The UK backs a register for companies, but not for trusts. A British diplomat at the event hinted that the British could today put forward “new language” in a bid to win a compromise deal.
The Anti-corruption Action Centre in Ukraine ran a website exposing Yanukovich’s opulent palace, and use of shell companies in the EU.
Vitaliy Shabunin told delegates that Ukraine had introduced its own public register of beneficial owners and called for an EU public register of real estate assets as well.
“The key instrument of corruption in Ukraine is the anonymity of companies […] but without open registers in the EU, our register makes no sense,” he warned.
EURACTIV asked Shabunin if Juncker continuing as Commission president after LuxLeaks could damage Ukrainian perceptions of the EU.
“At the moment, we now have an image of Europe as a place where everybody obeys the law, and everybody is equal. That helps us to advocate for the European future of Ukraine,” he said.
“If everybody in the Ukraine would understand the challenges that the EU is facing inside, then it would be a really big problem for European integration – especially if the challenge was in the area of anti-corruption.”
Sebastian Fiedler, vice chair of the Bund Deutscher Kriminalbeamter (German police association), was also at the event. He added that the EU-wide register would also be a vital tool for fighting money laundering and organised crime.
Juncker faces a Parliament vote of censure over the scandal on Thursday. Yesterday, he was supported in the Parliament by the two largest political groups, the European People’s Party and the Socialists & Democrats, as well as the liberal ALDE group.
The motion was brought by parties including the UK Independence Party and France’s National Front.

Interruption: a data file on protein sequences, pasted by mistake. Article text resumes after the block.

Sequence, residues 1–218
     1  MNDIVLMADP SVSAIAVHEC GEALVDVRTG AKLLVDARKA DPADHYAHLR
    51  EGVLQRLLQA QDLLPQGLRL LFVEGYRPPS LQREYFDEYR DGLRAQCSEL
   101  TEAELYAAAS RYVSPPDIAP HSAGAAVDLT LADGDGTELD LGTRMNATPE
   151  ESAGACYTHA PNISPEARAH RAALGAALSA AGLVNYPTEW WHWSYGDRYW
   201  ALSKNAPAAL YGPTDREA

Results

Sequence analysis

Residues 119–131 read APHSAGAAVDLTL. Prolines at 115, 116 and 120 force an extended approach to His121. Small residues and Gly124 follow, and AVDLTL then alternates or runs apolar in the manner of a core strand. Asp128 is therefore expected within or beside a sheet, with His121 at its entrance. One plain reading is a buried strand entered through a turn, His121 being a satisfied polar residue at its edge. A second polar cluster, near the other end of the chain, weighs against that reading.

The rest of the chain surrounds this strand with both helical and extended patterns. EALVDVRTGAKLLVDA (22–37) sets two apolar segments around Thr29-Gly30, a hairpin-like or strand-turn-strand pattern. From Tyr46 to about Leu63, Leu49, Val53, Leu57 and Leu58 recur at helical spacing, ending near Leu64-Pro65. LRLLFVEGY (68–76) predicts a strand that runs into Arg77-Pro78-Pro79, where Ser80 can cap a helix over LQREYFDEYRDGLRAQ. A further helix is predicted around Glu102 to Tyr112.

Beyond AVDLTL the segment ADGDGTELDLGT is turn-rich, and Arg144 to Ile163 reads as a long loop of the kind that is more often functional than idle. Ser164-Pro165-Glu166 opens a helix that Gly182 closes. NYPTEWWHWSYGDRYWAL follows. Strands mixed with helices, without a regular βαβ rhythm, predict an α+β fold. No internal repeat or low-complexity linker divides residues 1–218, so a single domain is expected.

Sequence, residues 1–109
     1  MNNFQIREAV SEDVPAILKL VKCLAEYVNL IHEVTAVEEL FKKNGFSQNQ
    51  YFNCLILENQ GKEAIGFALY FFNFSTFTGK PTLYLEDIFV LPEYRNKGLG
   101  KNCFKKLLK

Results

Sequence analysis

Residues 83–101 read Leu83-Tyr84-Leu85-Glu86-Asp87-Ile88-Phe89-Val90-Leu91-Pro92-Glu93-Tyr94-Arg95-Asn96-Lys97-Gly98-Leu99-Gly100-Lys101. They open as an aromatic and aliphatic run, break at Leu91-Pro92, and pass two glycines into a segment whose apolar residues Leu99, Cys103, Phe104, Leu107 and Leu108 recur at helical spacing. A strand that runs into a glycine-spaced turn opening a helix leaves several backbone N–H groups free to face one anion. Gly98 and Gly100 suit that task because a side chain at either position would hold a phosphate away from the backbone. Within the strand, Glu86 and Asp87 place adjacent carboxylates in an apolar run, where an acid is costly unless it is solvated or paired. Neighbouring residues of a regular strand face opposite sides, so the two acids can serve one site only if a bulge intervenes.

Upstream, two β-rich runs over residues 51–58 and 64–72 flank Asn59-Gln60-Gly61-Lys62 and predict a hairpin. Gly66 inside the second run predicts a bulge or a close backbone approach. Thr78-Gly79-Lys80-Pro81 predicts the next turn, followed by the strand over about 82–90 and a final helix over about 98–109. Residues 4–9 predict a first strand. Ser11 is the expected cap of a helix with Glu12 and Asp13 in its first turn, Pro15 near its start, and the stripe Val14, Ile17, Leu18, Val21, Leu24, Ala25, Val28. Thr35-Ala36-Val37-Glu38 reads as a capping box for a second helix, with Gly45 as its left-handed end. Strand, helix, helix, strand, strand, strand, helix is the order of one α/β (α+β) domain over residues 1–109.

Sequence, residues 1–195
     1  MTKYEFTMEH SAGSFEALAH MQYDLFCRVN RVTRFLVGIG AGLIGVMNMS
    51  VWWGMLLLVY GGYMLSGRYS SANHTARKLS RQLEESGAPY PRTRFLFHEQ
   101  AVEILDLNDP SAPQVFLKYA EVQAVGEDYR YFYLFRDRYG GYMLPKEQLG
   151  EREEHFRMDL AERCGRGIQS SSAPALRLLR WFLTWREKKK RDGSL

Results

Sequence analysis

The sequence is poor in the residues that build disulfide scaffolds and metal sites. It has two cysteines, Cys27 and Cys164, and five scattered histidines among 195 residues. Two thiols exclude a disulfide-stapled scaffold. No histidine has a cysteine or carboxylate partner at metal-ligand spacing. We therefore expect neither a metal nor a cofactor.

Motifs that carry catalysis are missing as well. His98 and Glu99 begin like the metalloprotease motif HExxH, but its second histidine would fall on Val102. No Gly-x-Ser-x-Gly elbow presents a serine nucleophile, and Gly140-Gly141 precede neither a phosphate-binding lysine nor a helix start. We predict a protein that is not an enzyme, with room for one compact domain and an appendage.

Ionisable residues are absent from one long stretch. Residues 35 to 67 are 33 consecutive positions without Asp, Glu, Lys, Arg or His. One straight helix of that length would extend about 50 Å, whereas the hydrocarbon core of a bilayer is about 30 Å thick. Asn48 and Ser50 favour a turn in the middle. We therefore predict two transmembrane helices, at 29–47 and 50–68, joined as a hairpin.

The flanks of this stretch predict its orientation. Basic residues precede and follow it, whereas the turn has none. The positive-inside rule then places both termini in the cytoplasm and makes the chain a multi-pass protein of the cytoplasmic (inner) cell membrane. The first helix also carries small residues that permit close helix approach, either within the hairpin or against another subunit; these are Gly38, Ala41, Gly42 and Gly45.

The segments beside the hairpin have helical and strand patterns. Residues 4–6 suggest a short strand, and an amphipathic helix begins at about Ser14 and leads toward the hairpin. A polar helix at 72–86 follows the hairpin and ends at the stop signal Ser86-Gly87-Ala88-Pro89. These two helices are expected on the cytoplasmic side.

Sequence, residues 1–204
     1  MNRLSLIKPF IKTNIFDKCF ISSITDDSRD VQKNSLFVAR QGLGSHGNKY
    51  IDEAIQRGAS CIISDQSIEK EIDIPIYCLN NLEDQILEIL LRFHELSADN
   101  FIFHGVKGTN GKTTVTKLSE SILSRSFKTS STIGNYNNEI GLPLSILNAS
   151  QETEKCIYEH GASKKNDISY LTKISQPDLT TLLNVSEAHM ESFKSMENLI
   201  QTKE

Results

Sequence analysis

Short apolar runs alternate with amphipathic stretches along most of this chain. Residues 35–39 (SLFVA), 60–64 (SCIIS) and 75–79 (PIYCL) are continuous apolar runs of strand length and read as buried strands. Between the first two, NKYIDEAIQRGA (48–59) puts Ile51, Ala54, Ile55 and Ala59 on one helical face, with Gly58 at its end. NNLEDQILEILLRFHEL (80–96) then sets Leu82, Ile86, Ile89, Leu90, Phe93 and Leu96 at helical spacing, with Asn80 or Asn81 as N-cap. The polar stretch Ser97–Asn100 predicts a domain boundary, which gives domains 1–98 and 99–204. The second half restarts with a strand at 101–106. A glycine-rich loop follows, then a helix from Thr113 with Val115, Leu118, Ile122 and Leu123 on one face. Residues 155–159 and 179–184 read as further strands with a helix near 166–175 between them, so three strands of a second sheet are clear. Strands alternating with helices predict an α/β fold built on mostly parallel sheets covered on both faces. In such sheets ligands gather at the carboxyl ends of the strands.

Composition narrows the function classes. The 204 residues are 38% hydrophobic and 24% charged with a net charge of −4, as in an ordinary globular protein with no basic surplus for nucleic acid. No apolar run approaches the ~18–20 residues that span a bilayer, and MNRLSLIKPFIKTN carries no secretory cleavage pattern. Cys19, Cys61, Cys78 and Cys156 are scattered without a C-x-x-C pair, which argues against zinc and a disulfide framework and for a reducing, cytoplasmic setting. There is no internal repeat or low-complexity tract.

More than 300 companies, including PepsiCo Inc, AIG Inc and Deutsche Bank AG, secured secret deals from Luxembourg to slash their tax bills, the International Consortium of Investigative Journalists (ICIJ) reported on 5 November, quoting leaked documents. Commission President Jean-Claude Juncker was prime minister of Luxembourg from 1995-2013.
The companies appear to have channeled hundreds of billions of dollars through Luxembourg and saved billions of dollars in taxes, the group of investigative journalists said, based on a review of nearly 28,000 pages of confidential documents.
The spread of international terrorism over the last 15 years has prompted a global tightening against money laundering activities which are often crucial to provide funding for terrorist activities.
The Financial Action Task Force, an inter-governmental body representing rich nations around the world, adopted in February 2012 new standards against money laundering and terrorism financing.
The new standards were turned into a legislative proposal by the European Commission in February 2013. MEPs introduced an amendment to the bill calling for an EU wide public register of company owners and trust holders, which supporters argue is vital for fighting multinational tax avoidance.